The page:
In the U.S., a condition is considered a rare disease if it affects fewer than 200,000 people nationwide at any given time.  The Office of Rare Diseases Research at the National Institutes of Health reports that there are approximately 7,000 rare diseases known today, and sometimes a diagnosis of a rare disease can take months or even years. Among them are approximately ten million children who are affected by a rare disease. Many rare children’s disease does not have a known treatment at this time for several reasons. Most of the clinical research studies do not address the specific pediatric populations, and children’s rare disease patients are few and located in various geographic areas. Key in your information to educate yourself facts online games casino. Additionally, many rare diseases do not have a clear underlying cause.  This makes research in this year more critical.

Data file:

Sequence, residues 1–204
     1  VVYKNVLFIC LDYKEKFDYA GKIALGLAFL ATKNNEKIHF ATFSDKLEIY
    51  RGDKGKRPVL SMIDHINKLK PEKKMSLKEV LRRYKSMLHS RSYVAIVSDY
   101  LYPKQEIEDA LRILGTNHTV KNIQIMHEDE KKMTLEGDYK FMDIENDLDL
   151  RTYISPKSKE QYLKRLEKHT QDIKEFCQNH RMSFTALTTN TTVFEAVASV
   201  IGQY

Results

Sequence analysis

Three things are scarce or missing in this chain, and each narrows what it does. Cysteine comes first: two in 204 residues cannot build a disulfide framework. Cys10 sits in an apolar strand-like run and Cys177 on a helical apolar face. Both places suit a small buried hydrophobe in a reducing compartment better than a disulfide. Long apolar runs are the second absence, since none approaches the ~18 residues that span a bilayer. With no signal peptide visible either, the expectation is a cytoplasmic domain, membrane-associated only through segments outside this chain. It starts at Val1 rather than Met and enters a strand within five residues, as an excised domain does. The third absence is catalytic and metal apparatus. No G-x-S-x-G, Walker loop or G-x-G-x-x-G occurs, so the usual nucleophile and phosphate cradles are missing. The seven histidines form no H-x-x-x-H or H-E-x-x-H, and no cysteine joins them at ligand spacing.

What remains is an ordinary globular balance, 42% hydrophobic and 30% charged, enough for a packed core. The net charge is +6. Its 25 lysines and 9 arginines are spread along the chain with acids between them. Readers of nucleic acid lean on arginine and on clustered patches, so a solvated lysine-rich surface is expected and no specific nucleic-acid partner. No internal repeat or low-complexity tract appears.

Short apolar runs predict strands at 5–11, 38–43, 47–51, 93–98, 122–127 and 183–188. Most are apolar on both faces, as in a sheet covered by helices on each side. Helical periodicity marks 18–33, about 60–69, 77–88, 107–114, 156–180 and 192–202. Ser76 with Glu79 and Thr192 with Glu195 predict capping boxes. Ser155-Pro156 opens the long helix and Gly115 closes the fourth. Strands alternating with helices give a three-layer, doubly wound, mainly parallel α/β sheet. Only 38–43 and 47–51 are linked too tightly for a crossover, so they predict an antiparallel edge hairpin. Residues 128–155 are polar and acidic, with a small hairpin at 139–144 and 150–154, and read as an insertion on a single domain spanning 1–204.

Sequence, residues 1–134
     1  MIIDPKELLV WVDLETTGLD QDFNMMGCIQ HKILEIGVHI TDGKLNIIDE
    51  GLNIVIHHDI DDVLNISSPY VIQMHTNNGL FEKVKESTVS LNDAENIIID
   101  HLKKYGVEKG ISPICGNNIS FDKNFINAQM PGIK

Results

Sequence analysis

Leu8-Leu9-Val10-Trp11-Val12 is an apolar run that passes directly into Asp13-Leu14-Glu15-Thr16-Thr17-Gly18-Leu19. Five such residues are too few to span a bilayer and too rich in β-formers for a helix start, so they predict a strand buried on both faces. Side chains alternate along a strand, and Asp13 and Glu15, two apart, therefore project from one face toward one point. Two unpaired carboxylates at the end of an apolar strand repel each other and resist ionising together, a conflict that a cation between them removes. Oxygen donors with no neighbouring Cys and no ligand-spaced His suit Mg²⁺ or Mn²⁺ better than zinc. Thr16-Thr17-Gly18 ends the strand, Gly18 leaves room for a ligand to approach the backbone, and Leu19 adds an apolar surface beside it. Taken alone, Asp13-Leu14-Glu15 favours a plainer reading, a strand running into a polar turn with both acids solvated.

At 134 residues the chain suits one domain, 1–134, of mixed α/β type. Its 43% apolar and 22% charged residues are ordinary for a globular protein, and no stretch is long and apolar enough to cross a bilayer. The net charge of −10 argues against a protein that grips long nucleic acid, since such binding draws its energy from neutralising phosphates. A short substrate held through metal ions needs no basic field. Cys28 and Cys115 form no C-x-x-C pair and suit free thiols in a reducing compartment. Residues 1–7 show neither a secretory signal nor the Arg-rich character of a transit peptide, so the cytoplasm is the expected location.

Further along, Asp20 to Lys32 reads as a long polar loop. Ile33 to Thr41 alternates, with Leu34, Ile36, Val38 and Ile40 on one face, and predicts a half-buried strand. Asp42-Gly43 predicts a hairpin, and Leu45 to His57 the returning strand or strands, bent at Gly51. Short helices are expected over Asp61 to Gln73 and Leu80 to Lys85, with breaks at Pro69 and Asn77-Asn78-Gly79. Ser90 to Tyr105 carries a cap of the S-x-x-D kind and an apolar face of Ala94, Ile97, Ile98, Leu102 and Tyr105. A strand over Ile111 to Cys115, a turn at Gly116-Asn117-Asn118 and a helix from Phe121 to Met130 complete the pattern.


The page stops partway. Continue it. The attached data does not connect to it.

The definition of children’s rare disease is that (A) the disease is a serious or life-threatening disease in which the serious or life-threatening manifestations primarily affect individuals aged from birth to 18 years, including age groups often called neonates, infants, children, and adolescents {and} (B) The disease is a rare disease or condition per US law definition.

Some examples of children’s rare disease are:

•Batten Disease

•Biliary Atresia

•CANDLE Syndrome
•Childhood Interstitial Lung Disease
•Duchenne muscular dystrophy
•Krabbe Disease

Please follow the following link to search for all the children’s rare diseases.

Browse A-Z | Genetic and Rare Diseases Information Center (GARD) – an NCATS Program (